Firehouse System Replacement Calls for Rapid Response

A gravity-flow system and fast-tracked installation enable a fire station to remain vigilant during southwest Arizona’s wildfire season

Firehouse System Replacement Calls for Rapid Response

The gravity-flow system for the Whetstone Fire District firehouse in Huachuca City, Arizona, includes a 1,500-gallon septic tank and 64 Infiltrator Water Technologies Quick4 HC chambers in four trenches.

Septage backing into the Whetstone Fire District firehouse in Huachuca City, Arizona, brought service provider Sierra Vista Plumbing on the run.

Laborer David Maeding ran a Maxi-Rooter (General Pipe Cleaners) down the house lateral to the 1,500-gallon septic tank. The 4-inch pipe was unobstructed. He then pulled the almost submerged effluent filter in the tank, but the liquid level remained static.

Unable to determine the problem, Maeding called sister company American Septic Service in Sierra Vista to pump the tank, which didn’t solve the problem. The station is home to six full-time firemen and an office manager.

Peter Bidon, district fire chief, hired American Septic Service to troubleshoot the situation. Foreman Zachary “Zack” Long used a Caterpillar 416F2 backhoe loader to excavate the tank. As he removed soil from around the outlet, wastewater poured into the hole through the gap where the 4-inch supply line had never been sealed to the tank.

To stop further environmental contamination, Bidon closed the station’s lavatories and rented two portable restrooms. Meanwhile, Long continued his exploration and found the badly deformed plastic distribution box full of sludge. Moving to the stone-and-pipe drainfield, he noted the first two 84-foot laterals were clogged with sludge. The third trench had never seen effluent because the lightweight PVC supply line had been squashed flat.

Bidon hired American Septic Service to replace the system. “We were in the middle of our wildfire season,” says Dawn Long, the company’s field coordinator and septic designer. “If all 17 firehouse personnel and some surrounding districts responded to a blaze, two portable restrooms at the location would provide insufficient sanitary facilities, and there’s no guarantee more units would be available during the emergency. We had to move on this and fast.”

Long worked with county officials to expedite the septic permit. “It was approved in four days instead of the usual six to eight weeks,” she says. Zack Long and septic technician Tyler Thomas installed the gravity-flow and chambers system in two days, setting a company record.

Site conditions

Soils are sandy clay loam with an absorption rate of 0.40 gpd per square foot. Groundwater is not a factor.

System components

Dawn Long designed the system to handle 750 gpd. Major components include the following:

1,500-gallon dual-compartment oval concrete tank (Padilla Precast).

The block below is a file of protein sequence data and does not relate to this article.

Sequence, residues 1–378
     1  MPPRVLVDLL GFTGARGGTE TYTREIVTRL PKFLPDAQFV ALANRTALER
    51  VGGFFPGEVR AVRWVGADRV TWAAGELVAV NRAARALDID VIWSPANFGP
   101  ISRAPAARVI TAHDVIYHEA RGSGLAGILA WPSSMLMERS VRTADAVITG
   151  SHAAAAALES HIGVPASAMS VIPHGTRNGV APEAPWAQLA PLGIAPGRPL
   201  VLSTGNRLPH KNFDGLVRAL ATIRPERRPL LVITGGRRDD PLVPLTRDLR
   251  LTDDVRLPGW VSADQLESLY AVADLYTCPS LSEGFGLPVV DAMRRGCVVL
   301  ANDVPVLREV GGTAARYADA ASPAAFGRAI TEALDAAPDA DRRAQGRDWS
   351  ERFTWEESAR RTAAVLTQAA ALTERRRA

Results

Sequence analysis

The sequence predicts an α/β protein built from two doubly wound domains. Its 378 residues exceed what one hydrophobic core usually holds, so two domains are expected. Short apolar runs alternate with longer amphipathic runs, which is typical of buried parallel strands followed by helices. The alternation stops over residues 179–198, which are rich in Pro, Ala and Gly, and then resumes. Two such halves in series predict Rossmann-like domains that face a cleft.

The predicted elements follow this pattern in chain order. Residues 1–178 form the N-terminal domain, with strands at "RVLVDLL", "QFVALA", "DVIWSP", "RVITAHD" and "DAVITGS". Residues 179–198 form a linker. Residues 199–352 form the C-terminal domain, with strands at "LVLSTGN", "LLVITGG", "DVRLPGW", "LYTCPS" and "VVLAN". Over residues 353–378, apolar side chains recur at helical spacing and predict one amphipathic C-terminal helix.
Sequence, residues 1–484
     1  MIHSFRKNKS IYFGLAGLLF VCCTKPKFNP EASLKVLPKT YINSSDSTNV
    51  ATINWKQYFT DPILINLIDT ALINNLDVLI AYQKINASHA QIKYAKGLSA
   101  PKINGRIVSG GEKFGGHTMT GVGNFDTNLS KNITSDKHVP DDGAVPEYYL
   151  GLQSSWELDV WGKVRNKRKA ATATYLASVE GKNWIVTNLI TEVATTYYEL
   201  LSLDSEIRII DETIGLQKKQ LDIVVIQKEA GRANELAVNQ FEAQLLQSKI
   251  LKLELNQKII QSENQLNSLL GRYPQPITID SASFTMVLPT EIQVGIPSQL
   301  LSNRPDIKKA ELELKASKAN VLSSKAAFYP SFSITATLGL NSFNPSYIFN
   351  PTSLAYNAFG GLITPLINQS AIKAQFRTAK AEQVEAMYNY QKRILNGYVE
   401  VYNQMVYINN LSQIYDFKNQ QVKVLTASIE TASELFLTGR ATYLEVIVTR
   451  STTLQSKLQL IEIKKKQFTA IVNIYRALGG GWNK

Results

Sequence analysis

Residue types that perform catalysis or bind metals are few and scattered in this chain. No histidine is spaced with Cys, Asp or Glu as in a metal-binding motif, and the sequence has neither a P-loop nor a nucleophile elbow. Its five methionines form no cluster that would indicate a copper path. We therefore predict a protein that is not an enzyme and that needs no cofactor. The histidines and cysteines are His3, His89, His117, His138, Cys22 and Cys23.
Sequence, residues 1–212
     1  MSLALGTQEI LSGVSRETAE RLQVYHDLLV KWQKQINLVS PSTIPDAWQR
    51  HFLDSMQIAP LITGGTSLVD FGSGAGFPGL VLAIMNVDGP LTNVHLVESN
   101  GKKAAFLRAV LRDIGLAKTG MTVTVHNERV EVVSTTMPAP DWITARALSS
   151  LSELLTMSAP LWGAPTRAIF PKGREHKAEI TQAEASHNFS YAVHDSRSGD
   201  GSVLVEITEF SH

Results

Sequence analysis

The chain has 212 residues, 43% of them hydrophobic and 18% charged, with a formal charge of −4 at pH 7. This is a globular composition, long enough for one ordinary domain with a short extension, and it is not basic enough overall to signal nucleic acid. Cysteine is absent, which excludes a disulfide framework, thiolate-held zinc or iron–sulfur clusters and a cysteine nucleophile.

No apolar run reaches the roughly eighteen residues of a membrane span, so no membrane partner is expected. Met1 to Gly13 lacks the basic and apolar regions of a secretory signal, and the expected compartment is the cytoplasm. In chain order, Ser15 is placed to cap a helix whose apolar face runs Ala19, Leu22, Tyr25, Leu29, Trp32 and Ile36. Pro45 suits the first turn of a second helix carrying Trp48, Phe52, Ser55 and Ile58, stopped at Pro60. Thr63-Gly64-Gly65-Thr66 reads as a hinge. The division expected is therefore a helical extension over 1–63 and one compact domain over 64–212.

EF-6 effluent filter and seven-hole distribution box (TUF-TITE).

64 Quick4 HC chambers with inspection ports (Infiltrator Water Technologies).

System operation

Wastewater and graywater from showers flow 50 feet through a 4-inch PVC pipe to the septic tank. Effluent from the tank flows 15 feet to the distribution box feeding four 64-foot-long trenches, each with 16 48-by-31-by-16-inch-high chambers spaced 15 feet side to side.


Constricting setbacks forced Long to sandwich the septic tank between the first and second original drainfield trenches and to locate the distribution box and delivery lines in the third trench. To ensure 100 percent accuracy, Zack Long and Thomas spent the first day measuring and staking out boundaries. They ran string to delineate the piping and components, then sprayed white marking paint under the twine.

The next morning, Long excavated the 10-by-12-by-10-foot-deep hole for the tank and bedded it with compacted pea gravel. The Padilla driver and Thomas set the tank, then Long conducted a 24-hour water test to check for leaks per the state septic code.

“I specify Padilla tanks because their round corners and tee-baffles distribute influent more evenly,” Dawn Long says. “It smoothly circles around and goes down with minimal disturbance to settling.”

Zack Long saw-cut a 2-foot-wide section of asphalt parking lot to intercept the firehouse lateral. After exposing the pipe, he excavated a 3-foot-deep trench to the septic tank, laid the lateral, and connected the two lines with a 45-degree PVC elbow.

“We bed all piping and components on compacted pea gravel, then photograph the evidence,” Long says. “After laying the piping, we cover it with more pea gravel to protect it while backfilling.”

Because the state’s point-of-sale inspection form asks if the distribution box was opened for inspection and its operational status, Dawn Long specifies a 24-inch riser to bring boxes to grade. “This practice ensures fast access for troubleshooting and to the speed levelers in case a trench is ponding,” she says.

“D-boxes must be bedded solidly to prevent movement during backfilling,” Long continues. “If they move, all hope is lost for equal distribution. It’s a misconception that if equal flow is established with speed levelers, then equal absorption will occur in the trenches. It doesn’t. Trenches absorb at individual rates.”

Zack Long set the distribution box at 3 feet deep, then began excavating the trenches while Thomas installed the chambers. They finished the drainfield the second day and restored service to the firehouse. “We backfilled around the tank by adding native soil a little at a time, then soaking each layer with a hose,” Long says. “The soil was suitable for gardens, making this excavation the easiest we’ve ever done.”


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